As we continued along, we had an unusual visit from a seagull. It was flying above the boat and made many passes across the bow, seemingly interested in the burgee staff. It came closer and closer on each pass, and finally, on one pass… it tried to take a bite out of the top of the staff.
As you can see from the photo, conditions were much improved on this leg. As predicted, winds were well under 10 knots and seas nearly flat calm. Gwen had an uneventful night watch and the next morning we had calm winds and pretty flat seas, with overcast skies and temperatures in the high 50s. I spotted several Gray whales off Punta Colnett, and we had several visits from groups of Pacific White Sided dolphins. One was playing in the bow wake, and as we were watching from the foredeck, flipped over, swam upside down and seemed to look right at us as if saying “I’ll bet you wish you could do this”.
We could soon see the Todos Santos Islands off Ensenada and by mid afternoon we arrived at Marina Coral. We bumped up our speed on this leg, setting the throttle for 1800 RPM. As a result, we covered the 280 miles in 35 hours for an average speed of 8 knots and a fuel economy of 1.3 NMPG. We were happy to trade a little more fuel burn for saving a couple of hours of travel time.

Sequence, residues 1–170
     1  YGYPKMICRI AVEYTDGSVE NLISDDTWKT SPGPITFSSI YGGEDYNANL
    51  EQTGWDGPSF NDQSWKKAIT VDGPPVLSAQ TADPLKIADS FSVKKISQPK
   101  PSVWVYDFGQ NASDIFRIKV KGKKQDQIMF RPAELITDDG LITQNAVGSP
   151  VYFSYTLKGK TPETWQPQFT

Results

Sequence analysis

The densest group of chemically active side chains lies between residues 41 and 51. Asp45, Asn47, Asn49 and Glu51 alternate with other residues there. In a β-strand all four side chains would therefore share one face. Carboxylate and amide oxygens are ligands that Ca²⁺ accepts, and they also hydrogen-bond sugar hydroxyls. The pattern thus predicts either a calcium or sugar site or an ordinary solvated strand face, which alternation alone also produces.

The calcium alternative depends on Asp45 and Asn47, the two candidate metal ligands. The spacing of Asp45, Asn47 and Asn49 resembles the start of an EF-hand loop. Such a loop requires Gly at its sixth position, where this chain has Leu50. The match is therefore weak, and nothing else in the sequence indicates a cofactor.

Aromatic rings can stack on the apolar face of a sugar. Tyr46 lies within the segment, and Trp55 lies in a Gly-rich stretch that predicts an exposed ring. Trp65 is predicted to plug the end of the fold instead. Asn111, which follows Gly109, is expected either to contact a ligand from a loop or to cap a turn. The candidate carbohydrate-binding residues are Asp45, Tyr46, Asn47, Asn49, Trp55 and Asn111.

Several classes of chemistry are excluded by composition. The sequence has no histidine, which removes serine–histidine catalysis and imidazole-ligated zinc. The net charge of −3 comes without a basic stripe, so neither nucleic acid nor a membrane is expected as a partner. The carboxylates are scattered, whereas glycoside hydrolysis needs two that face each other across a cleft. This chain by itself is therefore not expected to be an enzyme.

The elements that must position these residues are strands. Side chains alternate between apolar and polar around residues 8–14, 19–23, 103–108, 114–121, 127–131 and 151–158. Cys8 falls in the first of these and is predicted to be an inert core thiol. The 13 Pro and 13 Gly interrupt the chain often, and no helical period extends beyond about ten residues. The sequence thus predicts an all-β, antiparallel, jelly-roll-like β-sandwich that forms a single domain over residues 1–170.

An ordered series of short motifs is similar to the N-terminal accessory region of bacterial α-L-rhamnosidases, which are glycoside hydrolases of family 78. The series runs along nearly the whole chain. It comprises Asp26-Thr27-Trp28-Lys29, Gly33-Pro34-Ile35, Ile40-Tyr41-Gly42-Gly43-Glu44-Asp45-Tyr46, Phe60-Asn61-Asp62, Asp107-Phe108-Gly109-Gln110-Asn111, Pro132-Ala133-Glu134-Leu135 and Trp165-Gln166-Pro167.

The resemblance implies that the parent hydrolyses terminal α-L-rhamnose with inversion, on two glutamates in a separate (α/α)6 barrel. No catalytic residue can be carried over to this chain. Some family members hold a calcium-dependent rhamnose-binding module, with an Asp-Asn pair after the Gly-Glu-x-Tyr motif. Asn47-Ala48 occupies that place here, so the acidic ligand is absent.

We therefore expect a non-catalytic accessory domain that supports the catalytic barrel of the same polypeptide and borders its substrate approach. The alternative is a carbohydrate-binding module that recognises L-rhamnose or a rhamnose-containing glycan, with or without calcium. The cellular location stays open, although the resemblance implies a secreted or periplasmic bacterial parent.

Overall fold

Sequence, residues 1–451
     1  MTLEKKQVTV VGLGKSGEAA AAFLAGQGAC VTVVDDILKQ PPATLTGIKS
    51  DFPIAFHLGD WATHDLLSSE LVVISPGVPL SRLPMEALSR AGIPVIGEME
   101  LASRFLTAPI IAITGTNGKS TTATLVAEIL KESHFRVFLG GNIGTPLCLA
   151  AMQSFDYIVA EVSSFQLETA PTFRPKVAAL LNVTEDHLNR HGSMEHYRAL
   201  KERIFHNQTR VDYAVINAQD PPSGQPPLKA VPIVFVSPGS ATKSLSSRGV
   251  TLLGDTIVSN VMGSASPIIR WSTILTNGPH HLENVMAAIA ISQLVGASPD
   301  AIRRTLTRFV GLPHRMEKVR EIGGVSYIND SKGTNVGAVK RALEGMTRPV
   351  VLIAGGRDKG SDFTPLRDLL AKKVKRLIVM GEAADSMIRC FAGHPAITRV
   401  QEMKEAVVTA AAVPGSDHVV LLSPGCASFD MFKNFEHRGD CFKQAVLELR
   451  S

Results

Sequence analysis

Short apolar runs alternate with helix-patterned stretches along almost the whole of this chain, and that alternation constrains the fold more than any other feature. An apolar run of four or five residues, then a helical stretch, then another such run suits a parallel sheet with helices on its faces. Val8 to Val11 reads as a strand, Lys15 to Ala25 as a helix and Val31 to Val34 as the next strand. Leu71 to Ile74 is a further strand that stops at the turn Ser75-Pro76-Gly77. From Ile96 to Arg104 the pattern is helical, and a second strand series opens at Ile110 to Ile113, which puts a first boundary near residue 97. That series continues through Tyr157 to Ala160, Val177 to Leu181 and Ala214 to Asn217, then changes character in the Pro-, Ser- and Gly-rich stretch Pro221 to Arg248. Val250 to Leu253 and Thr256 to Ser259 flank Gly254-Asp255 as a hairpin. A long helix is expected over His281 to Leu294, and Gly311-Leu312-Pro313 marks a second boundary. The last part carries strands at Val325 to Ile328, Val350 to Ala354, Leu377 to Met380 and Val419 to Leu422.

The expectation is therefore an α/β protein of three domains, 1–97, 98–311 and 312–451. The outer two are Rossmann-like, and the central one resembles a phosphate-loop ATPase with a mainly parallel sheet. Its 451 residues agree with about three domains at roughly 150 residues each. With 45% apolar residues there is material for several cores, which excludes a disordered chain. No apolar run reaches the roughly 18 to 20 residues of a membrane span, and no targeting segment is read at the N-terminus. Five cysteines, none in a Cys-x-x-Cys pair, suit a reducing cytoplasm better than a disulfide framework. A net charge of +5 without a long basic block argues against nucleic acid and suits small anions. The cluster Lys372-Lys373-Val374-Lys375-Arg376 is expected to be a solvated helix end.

The only boat-related issue we had was a problem with our drinking water. We have a separate drinking water supply with a dedicated charcoal filter and faucet. This also supplies the icemaker. We began to notice that the drinking water was tasting salty, as were the ice cubes. In fact, Gwen thinks that this may have contributed to her bout of seasickness. We tested the drinking water and found that it was 2,980 PPM of total dissolved solids (i.e., salt), compared to the tap water (from the other tanks) at 191 PPM. Clearly salt water had gotten into the forward tank. We realized that the vent for the tank is up on the bow of the boat on the port side. Our theory is that with all of the slamming into the head seas, salt water was forced into the tank through the vents. This would also explain why the forward tank level was higher at the end of the passage than the beginning.